These studies show that "most MSM with HCV report a combination of various, potentially high-risk, sexual and drug practices," the authors wrote. "The interaction between sex and drugs is complex, and many of these factors are highly correlated and difficult to disentangle."

"Given this occurs almost exclusively in HIV-infected MSM, HIV probably has a critical role mediated either through behavioral and/or biological factors," they stated. "It is not yet known whether lower CD4 cell count increases the risk of acquiring HCV, but the fact that many MSM with acute HCV have relatively preserved CD4 cell counts suggests this may not be a critical factor."

Disease Progression and Treatment

Turning to hepatitis C disease progression in this population, they wrote, "The natural history of HCV is determined by host-viral interactions, which are perturbed in HIV coinfection, resulting in accelerated liver fibrosis, higher HCV loads, and poorer responses to interferon-based therapy when compared with HCV monoinfection."

While about 25% of HIV negative individuals spontaneously clear HCV without treatment, this is less likely among people with HIV -- as low as 5% in one study -- perhaps due to reduced T-cell responses. HIV/HCV coinfection is associated with more rapid liver fibrosis. Some studies indicate that progression is especially fast among people who already have HIV at the time of HCV infection, but other data are conflicting.

Hepatitis C treatment using pegylated interferon (with or without ribavirin) is quite successful during acute HCV infection. Because they receive regular liver function tests to monitor drug toxicity, people with HIV are more likely to have HCV infection diagnosed during the acute stage. Acute hepatitis C cure rates among HIV positive people are around 60%-80% in most studies.

Optimal timing and duration of therapy for acute HCV infection is not well defined, but most experts recommend waiting 12 weeks to see if spontaneous clearance will occur. Most favor combination therapy over pegylated interferon monotherapy and a treatment duration of 24 weeks for coinfected patients.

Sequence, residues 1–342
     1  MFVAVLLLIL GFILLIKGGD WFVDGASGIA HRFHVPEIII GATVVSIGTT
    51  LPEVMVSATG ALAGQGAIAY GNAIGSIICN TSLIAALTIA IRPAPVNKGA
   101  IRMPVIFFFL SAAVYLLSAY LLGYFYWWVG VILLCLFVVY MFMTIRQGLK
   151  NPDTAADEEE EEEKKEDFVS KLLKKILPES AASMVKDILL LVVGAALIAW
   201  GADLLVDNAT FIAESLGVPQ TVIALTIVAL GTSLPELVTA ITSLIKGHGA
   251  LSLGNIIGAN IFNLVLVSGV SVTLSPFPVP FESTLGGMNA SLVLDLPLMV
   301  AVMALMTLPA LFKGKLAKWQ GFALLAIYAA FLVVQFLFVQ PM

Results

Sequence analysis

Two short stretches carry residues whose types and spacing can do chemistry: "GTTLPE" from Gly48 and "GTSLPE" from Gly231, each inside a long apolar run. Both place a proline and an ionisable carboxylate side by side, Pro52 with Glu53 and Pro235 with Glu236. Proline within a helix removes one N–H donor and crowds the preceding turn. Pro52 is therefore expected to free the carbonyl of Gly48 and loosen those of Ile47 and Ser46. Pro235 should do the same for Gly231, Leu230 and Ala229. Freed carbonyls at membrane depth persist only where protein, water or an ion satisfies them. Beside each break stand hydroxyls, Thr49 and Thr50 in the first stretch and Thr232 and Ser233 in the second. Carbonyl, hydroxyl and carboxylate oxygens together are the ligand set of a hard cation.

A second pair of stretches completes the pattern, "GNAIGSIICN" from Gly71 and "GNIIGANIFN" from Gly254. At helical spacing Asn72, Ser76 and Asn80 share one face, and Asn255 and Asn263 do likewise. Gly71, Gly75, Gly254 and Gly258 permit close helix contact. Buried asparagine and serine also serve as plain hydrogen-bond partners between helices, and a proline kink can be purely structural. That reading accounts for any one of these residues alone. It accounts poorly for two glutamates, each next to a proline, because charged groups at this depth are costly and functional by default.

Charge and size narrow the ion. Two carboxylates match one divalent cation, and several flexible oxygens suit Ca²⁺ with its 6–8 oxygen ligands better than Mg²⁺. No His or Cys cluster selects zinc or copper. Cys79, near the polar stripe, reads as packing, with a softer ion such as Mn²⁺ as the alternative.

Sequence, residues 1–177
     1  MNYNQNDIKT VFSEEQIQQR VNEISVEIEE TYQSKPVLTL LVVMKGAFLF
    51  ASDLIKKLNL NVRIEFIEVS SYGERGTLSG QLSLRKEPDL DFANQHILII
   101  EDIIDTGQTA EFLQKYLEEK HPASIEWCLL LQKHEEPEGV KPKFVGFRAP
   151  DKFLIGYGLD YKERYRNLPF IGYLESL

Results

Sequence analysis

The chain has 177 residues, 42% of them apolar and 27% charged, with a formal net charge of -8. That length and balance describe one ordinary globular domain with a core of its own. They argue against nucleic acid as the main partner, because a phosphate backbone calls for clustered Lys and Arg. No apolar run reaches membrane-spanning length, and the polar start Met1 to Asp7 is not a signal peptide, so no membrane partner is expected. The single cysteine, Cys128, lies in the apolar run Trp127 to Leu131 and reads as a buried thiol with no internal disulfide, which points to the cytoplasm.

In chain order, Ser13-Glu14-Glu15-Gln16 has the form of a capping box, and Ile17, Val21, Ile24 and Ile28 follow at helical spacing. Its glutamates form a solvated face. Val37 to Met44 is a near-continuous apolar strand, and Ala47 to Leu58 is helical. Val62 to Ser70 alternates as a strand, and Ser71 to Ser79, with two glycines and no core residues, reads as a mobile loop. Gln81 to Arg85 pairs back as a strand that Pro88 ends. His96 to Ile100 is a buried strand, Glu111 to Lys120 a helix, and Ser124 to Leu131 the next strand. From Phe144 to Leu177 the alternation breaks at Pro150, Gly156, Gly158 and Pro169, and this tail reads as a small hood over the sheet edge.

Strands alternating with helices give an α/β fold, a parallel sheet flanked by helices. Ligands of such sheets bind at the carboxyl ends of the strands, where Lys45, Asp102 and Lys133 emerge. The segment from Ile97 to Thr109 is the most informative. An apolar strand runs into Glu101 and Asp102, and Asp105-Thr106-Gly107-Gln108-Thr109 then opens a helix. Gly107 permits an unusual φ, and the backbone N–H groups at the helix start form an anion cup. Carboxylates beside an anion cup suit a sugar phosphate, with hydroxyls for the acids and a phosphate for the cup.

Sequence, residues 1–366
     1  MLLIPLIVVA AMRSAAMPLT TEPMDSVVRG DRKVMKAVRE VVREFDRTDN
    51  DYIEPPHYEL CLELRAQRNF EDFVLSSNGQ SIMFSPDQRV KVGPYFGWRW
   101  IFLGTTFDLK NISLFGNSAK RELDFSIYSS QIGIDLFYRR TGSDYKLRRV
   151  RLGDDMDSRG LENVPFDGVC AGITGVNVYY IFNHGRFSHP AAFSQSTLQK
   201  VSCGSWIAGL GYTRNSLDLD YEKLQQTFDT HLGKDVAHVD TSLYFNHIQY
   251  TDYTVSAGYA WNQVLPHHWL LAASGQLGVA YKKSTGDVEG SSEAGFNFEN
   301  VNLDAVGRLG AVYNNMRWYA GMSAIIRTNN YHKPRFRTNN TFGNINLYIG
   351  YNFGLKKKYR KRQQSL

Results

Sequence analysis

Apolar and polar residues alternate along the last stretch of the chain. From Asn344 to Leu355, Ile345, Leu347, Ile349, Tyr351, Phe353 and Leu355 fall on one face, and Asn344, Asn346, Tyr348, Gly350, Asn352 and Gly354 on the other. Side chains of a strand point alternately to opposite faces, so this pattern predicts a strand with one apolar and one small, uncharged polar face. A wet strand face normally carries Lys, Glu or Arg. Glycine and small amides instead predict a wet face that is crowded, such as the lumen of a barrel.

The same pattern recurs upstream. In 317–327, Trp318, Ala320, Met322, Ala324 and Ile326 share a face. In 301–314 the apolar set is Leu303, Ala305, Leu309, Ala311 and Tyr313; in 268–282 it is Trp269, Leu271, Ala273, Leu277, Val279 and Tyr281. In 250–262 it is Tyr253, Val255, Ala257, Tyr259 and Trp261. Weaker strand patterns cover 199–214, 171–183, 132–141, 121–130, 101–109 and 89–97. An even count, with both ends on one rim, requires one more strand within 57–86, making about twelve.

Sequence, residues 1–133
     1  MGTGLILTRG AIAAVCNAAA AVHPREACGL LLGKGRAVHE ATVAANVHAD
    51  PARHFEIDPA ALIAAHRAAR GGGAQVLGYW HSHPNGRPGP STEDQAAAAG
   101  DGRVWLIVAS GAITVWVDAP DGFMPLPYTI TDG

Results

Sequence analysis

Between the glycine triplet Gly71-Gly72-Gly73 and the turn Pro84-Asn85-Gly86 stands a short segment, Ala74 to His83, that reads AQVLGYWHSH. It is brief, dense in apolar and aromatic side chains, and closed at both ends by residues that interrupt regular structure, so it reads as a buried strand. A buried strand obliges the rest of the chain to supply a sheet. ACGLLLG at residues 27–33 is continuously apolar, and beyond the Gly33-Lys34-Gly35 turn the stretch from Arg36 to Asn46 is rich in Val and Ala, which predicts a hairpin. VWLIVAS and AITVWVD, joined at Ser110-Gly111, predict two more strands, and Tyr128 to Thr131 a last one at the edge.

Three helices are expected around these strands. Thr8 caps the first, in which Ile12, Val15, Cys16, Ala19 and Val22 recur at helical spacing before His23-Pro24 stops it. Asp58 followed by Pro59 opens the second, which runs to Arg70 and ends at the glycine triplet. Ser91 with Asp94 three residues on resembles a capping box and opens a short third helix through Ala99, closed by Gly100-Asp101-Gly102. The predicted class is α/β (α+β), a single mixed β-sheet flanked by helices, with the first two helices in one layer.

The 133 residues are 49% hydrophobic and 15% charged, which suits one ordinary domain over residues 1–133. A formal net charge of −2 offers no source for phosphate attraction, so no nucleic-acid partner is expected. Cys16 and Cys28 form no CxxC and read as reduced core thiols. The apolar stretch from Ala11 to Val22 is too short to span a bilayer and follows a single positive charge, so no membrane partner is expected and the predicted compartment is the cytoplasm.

"Targeted prevention such as raising awareness, regular screening and treatment of acute and chronic infections are needed to stop the further spread among MSM," the review authors concluded. "It is clear that a message of 'safe sex' through condom use during anal intercourse could be provided, but given the practice of negotiated unprotected sex among HIV-infected MSM might not be accepted. In addition, it may not cover practices that increase risk of blood-to-blood contact (e.g. fisting). Furthermore, MSM population needs to be informed that reinfection is an ongoing risk, given the recent reports of HCV reinfection following successful treatment and documented clearance of HCV."

Cluster of Infectious Diseases, Public Health Service, Amsterdam, Netherlands; Viral Hepatitis Clinical Research Program, National Centre for HIV Epidemiology and Clinical Research, University of New South Wales, Sydney, Australia; Department of Internal Medicine, Centre for Infection and Immunity Amsterdam, Academic Medical Centre, University of Amsterdam, Amsterdam, Netherlands; St. Vincent's Clinical School, Faculty of Medicine, University of New South Wales, Sydney, Australia.


TJ van de Laar, GV Matthews, M Prins, and M Danta. Acute hepatitis C in HIV-infected men who have sex with men: an emerging sexually transmitted infection. AIDS 24(12): 1799-1812 (Abstract). July 31, 2010.